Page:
When in Rome


by Ian Montgomery

Sunrise as the LOIS begins her crossing of Oneida Lake (photo: Tom Larsen)

Leaving Phoenix, we had two days scheduled to cross Lake Oneida. Looking at the weather, we decided to cross the lake on the second of the two days, and made a short day of it leaving Phoenix and stopping at Brewerton.

With an early start the next day, the crew prepared for a long day crossing Lake Oneida. With the moon a sharp crescent and the sun just peeking over the horizon, we exited the river and began the trek across the lake. The morning was crisp, clear, and soon the sky turned into a wash of color from the rising sun.  A voyage over the lake was certainly a departure from the routine in the canals, such as it would have been for the 1800‘s canal boatmen. Our crew has experienced rough waters on Lake Oneida in previous years, which prepared them for a rough crossing had the weather strayed from pleasant. Due to its shallow depth, high winds can make Oneida a treacherous body of water, kicking up high waves very quickly. Thankfully the sky stayed fair and the lake was calm, leaving only two locks in our path towards the final ascent to Rome.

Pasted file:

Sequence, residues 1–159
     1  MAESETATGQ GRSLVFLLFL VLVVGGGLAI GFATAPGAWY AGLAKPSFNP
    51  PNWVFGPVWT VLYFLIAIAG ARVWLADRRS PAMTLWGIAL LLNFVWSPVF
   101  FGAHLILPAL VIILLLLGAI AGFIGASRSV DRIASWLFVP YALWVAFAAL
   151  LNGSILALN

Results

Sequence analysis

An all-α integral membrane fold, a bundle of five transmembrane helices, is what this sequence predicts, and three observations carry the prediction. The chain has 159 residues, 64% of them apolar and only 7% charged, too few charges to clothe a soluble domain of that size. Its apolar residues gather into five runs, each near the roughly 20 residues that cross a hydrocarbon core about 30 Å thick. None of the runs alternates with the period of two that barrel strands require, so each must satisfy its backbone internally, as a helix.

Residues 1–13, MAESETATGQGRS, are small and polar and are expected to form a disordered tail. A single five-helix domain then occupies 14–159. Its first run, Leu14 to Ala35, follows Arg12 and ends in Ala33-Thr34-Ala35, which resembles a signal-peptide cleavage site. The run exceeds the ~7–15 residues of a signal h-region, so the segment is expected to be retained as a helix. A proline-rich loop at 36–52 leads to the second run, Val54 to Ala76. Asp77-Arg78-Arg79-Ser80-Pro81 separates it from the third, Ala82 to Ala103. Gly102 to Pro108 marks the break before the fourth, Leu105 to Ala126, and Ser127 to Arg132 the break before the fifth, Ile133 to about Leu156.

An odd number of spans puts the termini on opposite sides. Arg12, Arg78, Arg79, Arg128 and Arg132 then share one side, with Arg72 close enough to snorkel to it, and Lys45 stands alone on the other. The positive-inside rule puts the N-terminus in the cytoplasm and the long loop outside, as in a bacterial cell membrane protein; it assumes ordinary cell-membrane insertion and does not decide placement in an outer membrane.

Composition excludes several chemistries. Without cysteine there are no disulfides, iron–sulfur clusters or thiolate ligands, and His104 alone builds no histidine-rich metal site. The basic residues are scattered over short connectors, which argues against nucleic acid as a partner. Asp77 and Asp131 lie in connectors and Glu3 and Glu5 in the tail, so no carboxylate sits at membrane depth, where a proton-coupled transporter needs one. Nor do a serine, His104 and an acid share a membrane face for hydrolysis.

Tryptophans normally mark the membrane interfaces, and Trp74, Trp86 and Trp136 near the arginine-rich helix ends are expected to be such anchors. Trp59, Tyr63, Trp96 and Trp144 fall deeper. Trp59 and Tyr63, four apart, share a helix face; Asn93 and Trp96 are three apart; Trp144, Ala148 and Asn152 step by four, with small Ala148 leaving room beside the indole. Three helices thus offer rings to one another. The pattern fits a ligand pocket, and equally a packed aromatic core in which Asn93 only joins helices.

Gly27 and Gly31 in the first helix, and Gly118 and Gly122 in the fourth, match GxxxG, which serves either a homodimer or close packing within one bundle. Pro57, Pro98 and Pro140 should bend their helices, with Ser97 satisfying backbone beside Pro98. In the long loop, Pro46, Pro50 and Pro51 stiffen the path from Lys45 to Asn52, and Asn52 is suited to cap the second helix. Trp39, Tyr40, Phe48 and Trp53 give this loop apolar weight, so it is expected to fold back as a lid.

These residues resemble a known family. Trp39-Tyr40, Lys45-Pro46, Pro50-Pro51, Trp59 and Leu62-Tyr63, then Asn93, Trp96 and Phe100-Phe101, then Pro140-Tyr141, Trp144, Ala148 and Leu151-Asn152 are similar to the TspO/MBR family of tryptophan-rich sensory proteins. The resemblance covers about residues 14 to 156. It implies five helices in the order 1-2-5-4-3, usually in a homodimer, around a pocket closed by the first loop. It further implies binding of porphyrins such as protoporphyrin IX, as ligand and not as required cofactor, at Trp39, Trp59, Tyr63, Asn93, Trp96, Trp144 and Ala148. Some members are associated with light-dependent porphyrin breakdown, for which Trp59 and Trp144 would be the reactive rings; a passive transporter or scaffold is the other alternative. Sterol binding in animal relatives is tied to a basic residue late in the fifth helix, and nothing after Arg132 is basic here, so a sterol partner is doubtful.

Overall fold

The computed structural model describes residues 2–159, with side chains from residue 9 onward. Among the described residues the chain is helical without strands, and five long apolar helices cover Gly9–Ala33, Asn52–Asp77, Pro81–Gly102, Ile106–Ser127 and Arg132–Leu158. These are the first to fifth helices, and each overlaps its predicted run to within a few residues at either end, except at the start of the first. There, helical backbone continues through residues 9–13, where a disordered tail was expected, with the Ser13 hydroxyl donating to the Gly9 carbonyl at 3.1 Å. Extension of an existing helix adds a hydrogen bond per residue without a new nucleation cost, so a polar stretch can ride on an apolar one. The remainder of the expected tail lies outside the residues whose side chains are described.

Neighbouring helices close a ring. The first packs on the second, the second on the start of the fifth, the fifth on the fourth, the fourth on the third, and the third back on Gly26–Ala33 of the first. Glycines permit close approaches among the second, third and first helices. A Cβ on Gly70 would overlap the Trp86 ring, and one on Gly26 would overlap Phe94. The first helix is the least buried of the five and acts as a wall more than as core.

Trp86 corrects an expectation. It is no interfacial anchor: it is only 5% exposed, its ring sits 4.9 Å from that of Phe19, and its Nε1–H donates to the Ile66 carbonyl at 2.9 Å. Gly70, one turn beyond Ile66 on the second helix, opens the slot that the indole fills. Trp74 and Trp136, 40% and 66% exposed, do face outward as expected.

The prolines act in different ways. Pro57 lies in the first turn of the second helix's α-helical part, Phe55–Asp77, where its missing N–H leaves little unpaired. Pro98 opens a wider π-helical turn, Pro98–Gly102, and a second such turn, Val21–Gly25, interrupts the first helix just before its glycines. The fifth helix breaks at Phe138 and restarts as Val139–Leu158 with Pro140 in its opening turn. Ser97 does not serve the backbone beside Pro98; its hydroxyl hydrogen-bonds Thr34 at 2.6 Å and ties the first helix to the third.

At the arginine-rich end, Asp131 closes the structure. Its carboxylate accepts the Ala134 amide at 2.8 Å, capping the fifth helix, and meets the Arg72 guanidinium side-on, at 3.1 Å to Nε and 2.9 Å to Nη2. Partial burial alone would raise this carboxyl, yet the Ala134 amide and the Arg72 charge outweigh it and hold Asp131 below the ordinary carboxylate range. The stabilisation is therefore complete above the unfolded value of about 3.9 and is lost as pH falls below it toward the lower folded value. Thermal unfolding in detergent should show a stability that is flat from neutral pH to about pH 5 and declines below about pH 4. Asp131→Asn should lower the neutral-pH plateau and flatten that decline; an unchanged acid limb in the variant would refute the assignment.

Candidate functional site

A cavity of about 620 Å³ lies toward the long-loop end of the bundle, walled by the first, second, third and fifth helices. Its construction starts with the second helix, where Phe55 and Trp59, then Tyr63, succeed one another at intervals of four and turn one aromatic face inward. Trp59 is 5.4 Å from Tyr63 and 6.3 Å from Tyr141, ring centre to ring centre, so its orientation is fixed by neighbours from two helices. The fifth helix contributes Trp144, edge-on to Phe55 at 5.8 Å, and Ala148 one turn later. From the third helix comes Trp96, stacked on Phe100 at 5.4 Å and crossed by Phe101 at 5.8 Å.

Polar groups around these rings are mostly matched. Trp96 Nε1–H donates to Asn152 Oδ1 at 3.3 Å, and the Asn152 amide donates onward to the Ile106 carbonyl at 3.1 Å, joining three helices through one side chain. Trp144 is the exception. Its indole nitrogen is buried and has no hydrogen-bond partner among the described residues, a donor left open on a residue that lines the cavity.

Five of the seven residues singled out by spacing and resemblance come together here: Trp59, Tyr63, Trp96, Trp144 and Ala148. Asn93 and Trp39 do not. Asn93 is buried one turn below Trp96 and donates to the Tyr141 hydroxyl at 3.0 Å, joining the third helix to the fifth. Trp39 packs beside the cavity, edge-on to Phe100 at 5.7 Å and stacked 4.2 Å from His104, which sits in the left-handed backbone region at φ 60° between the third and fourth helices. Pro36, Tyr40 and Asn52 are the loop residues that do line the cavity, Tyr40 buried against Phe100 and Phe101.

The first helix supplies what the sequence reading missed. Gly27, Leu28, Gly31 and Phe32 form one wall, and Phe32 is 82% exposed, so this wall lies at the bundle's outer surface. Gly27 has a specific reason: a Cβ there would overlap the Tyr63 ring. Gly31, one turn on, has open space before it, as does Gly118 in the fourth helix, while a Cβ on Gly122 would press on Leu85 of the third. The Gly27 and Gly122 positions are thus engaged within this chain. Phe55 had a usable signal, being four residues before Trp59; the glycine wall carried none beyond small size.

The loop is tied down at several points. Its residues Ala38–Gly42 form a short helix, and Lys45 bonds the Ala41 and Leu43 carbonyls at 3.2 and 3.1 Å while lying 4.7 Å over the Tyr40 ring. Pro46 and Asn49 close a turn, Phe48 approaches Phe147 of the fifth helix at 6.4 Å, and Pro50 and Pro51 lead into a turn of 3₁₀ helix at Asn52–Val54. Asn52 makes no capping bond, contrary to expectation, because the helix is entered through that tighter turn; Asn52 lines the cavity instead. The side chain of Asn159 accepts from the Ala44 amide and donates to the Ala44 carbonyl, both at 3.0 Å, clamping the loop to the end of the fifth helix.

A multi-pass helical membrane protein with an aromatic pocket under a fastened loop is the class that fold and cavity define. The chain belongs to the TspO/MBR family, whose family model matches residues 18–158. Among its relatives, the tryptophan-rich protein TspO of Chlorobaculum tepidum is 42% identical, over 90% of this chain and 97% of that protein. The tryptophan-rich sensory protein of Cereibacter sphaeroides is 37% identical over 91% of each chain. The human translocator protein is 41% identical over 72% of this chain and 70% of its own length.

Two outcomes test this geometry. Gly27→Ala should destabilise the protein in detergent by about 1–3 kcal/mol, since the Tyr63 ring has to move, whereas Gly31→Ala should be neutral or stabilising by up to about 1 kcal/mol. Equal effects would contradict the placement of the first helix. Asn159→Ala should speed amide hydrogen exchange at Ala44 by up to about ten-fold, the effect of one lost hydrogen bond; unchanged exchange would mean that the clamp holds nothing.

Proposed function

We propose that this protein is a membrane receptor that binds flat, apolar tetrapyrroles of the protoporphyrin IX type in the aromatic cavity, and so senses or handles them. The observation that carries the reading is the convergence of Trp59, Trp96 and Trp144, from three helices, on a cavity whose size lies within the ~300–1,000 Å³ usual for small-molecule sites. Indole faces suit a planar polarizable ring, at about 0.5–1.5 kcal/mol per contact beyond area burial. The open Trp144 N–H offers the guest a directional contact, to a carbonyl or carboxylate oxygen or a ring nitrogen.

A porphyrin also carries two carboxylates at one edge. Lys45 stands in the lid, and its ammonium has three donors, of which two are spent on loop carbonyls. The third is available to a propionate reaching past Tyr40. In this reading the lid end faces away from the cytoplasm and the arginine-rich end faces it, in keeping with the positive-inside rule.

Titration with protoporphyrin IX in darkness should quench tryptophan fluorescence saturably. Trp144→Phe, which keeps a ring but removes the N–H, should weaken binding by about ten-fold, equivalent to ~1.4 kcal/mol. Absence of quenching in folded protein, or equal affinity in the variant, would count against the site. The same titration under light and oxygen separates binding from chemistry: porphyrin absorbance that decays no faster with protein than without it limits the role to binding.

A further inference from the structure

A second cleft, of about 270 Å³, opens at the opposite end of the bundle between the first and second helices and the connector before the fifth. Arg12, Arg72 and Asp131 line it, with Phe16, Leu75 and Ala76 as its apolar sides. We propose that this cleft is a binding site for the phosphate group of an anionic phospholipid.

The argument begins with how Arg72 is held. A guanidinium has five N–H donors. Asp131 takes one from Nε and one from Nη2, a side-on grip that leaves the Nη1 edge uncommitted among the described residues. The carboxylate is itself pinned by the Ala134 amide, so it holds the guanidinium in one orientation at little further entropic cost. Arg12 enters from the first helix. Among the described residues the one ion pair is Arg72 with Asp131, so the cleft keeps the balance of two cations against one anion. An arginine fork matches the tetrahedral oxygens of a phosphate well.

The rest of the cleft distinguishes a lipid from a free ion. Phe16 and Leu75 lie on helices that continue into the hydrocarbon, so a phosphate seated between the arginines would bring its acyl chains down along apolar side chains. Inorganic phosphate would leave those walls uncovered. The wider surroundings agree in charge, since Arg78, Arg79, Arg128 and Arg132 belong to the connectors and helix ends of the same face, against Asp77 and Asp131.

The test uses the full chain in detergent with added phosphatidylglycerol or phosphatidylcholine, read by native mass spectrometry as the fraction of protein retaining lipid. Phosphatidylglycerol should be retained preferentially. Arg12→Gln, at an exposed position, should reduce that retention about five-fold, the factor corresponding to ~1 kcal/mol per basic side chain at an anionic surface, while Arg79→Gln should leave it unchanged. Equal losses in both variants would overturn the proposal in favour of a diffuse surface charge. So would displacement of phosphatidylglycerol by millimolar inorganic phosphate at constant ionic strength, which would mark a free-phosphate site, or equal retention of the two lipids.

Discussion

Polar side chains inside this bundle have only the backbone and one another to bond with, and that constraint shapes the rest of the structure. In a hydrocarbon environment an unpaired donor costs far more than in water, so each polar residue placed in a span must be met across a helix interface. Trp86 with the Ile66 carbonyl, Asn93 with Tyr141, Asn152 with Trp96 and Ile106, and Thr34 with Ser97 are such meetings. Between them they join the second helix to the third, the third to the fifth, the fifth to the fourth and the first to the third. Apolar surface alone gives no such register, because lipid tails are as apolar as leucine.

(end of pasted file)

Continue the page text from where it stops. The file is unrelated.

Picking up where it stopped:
This point along the canal is pivotal in many ways, marking the highest point along the canal and the divide between watersheds of the Mohawk River and Wood Creek.  Rome, N.Y. holds a large deal of historical significance for our tour through the Erie Canal, with many ties to the founding of the nation. In 1758 the British constructed Fort Stanwix, which was used as a strong point along the Mohawk River and Wood Creek. The stronghold would have been vital to supply routes during the Revolutionary War, as well as the War of 1812. In 1813, plans for a United States Armory were developed and the building was constructed in Rome between 1815 and 1816. The complex consisted of several buildings which contained store-houses, a laboratory, stables, mechanics’ shops, offices, officers’ quarters, and the arsenal all surrounded by a large stone wall approximately one story tall.  This armory supplied Sackett’s Harbor, which was the main naval base for Lake Ontario. The armory sat on a road between Rome and Sackett’s Harbor, and roughly 300 yards from the soon to be constructed canal system.